Android's developer site.
The human readable terms are not included in the
Android documentation.
4 Methodology
To reach a deeper and more nuanced understanding of how people navigate the
current Android ecosystem,we conducted semi-structured interviews in Summer
2011 with 20 participants from Pittsburgh and Seattle.The interviews were
exploratory in nature,seeking broad understanding of participants'interactions
http://developer.android.com/reference/android/Manifest.permission.html and
A Conundrum of Permissions 5
with their smartphones as well as diving deeply into issues surrounding the
display of permissions,the safety of the Android Market,and possible harms of
information sharing.
We recruited participants through yers around each city and local Craigslist
postings.Each candidate lled out a short pre-survey online before the interview,
which allowed us to conrmthey did use an Android-enabled smartphone.Those
participants who opted into the subsequent interview arrived at our labs and
completed our consent form allowing us to make an audio recording of their
interview.Following the interview participants were given the opportunity to
opt-in to share their application information with us,collected through a script
running on a local laptop,which we connected their phone to via USB while
they watched.
Participants'quotes throughout the remainder of the paper are taken from
transcriptions made from the audio recordings of the interviews.Participants
were paid $20 for successful completion of the interview,in the form of their
choices of Target,Starbucks,or Barnes & Noble gift cards.
5 Demographics and Survey Responses
Our online survey was completed by 77 participants,20 of whom completed
the lab interview.The remainder of this paper will discuss solely those 20 users,
whose demographic information and survey responses are summarized in Table 1.
Participants P1-P6 are from Seattle,P7-P20 from Pittsburgh.10 participants
are female,and 10 are male.The ages of our participants range from 19 to 48,
with an average of 29.Six of our participants were in tech-related elds,the
other fourteen were not.Fourteen of our participants have been using Android
for less than a year,ve participants reported up to two years of use,and only
one reported having used Android for more than two years.
6 Results and Discussion
The following sections detail our ndings and participants'thoughts on vari-
ous parts of the Android ecosystem.We begin with the responses to six of the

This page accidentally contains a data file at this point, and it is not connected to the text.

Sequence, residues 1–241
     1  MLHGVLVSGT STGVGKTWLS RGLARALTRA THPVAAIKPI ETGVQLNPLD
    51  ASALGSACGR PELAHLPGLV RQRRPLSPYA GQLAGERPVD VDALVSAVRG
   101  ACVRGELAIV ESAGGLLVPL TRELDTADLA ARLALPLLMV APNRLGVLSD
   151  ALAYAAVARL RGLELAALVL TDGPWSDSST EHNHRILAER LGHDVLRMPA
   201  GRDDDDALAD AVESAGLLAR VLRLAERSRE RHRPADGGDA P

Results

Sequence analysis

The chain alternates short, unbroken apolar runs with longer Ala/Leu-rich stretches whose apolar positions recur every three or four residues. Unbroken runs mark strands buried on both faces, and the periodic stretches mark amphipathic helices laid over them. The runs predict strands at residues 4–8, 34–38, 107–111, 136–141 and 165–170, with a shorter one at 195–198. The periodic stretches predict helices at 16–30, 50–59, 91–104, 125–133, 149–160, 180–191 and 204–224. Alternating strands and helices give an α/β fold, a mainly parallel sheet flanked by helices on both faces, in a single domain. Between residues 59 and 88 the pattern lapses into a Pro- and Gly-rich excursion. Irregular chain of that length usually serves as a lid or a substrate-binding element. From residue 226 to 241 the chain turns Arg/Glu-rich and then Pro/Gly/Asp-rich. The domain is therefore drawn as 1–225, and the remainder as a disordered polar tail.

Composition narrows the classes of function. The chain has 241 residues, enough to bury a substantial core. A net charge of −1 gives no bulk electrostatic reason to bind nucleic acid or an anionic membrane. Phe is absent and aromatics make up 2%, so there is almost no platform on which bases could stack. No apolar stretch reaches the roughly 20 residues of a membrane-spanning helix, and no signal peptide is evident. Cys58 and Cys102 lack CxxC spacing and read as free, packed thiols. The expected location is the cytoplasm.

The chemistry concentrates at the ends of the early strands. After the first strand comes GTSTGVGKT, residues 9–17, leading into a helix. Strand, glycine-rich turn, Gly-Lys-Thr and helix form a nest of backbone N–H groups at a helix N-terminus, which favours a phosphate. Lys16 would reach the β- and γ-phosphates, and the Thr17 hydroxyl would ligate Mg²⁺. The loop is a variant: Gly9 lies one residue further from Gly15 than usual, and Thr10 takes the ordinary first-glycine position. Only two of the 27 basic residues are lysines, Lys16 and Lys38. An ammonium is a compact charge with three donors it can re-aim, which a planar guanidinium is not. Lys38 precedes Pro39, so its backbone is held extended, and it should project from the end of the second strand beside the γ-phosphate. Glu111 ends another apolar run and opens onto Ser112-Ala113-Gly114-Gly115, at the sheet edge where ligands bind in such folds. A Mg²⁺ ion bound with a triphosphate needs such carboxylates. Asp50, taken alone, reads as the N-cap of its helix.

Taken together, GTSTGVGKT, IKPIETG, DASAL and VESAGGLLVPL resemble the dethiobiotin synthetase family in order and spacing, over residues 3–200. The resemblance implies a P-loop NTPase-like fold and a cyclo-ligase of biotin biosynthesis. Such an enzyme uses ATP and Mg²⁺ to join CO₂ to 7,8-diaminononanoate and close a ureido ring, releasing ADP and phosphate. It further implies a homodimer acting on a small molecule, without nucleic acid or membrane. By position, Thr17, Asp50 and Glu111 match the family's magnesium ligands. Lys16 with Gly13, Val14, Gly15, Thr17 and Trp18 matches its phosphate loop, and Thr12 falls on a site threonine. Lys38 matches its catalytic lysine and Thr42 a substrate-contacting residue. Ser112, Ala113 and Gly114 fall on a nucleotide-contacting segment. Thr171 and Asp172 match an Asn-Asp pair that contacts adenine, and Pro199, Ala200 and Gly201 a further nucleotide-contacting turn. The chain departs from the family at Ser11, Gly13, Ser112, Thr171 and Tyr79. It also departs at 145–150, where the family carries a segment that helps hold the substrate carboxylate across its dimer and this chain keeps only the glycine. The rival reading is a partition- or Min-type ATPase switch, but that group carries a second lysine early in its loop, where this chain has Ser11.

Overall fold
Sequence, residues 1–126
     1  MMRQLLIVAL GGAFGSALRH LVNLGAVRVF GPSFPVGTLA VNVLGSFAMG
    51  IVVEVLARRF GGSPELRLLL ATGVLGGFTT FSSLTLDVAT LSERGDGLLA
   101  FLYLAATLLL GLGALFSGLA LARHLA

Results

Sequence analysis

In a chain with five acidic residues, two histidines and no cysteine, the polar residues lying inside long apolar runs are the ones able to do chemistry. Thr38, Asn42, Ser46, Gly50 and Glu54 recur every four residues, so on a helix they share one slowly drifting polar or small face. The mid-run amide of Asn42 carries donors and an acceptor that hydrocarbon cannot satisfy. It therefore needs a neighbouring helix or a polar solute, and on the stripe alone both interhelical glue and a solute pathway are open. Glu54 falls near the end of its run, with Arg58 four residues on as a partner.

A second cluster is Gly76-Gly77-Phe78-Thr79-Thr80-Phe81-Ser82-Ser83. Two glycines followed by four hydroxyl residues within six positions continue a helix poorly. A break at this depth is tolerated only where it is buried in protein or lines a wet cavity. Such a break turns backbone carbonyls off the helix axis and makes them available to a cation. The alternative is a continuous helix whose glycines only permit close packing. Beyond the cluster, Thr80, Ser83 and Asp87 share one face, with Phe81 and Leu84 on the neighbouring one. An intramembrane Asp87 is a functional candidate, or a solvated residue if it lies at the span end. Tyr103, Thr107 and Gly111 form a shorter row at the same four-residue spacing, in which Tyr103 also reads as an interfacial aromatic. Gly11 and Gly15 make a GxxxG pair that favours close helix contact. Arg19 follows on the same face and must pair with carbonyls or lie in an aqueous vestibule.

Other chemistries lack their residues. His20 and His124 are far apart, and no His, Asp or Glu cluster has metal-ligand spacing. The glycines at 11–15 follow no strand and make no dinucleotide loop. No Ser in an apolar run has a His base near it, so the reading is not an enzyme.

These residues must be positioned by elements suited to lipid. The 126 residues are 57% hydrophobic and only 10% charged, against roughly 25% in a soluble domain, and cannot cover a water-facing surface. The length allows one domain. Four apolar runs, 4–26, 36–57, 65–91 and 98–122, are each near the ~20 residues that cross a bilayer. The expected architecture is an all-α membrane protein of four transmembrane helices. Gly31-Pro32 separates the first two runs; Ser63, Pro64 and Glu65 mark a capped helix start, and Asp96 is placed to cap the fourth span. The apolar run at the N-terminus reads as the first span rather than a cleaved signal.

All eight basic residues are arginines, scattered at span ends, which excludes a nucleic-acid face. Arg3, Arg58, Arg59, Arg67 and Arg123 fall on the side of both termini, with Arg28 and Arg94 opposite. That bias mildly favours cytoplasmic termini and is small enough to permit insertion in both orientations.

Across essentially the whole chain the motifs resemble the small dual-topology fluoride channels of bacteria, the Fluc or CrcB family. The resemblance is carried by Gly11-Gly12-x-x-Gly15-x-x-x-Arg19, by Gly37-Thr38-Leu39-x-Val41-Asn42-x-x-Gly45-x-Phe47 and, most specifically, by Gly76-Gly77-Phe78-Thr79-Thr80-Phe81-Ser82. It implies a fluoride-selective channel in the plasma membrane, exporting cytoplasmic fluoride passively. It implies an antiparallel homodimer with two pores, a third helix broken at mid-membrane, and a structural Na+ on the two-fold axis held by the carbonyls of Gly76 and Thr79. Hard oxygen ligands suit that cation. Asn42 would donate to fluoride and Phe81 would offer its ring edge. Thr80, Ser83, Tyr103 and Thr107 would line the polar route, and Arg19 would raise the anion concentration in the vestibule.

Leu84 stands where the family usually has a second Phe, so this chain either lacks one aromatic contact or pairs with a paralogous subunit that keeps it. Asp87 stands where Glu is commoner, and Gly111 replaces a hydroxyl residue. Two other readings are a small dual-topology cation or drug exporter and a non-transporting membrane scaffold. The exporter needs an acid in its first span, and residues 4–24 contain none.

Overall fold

ten permissions we asked participants to explain.These responses highlight the
broad range of often inaccurate knowledge around the human-readable terms An-
droid provides to users at application install.Next,we discuss general concerns,
response to Android in the media,and awareness of malicious applications.
6.1 Permissions Display Understanding
Half of our participants mentioned the existence of the permissions display be-
fore being prompted.When a participant did mention the display,we immedi-
ately showed a paper example of one (using the Facebook,Pandora,or Amazon
Kindle permissions,Screen 3 of Figure 1).Many reported reading,or at least
Participant overview
Phone Phone OS Time Using#Apps#Apps
#Gender Age Occupation provider model version Android downloaded really used
1 Female 24 Education Verizon LG Ally I am not sure 1-6 months 1-10 A few 1-5
2 Male 48 Other Verizon HTC Incredible Froyo 1-6 months 11-25 A few 1-5
3 Male 44 Agriculture T-Mobile Motorola Cliq Cupcake 1-2 years 101+ A ton 20+
4 Male 19 Food Service T-Mobile Galaxy S Eclair 1-6 months 11-25 A bunch 6-20
5 Female 45 Legal Sprint HTC EVO 4G Honeycomb 1-6 months 1-10 A bunch 6-20
6 Female 26 Retail Sprint Samsung Replenish I am not sure 1-6 months 1-10 A bunch 6-20
7 Female 34 Engineering T-Mobile LG Optimus Eclair 7 months-1 year 11-25 A few 1-5
8 Male 23 Computers Verizon Motorola Droid X Gingerbread 7 months-1 year 26-100 A ton 20+
9 Female 25 Other Verizon Motorola Droid X I am not sure Less than 1 month 1-10 A few 1-5
10 Male 32 Engineering T-Mobile HTC G2 Eclair 7 months-1 year 11-25 A bunch 6-20
11 Female 21 Entertainment Sprint Something Samsung I am not sure 1-6 months 1-10 A few 1-5
12 Female 22 Other T-Mobile HTC MyTouch 4G I am not sure 7 months-1 year 11-25 A few 1-5
13 Female 21 Don't work Sprint HTC Evo Shift Gingerbread 1-2 years 1-10 A few 1-5
14 Male 20 Real Estate Verizon Motorola Droid X Gingerbread 1-2 years 101+ A bunch 6-20
15 Male 36 Media/Publishing Verizon Motorola Droid 2 Froyo 7 months-1 year 1-10 A few 1-5
16 Male 22 Engineering Sprint HTC EVO 4G Gingerbread 1-6 months 26-100 A bunch 6-20
17 Male 22 Don't work Verizon Motorola Droid 2 I am not sure 1-2 years 26-100 A bunch 6-20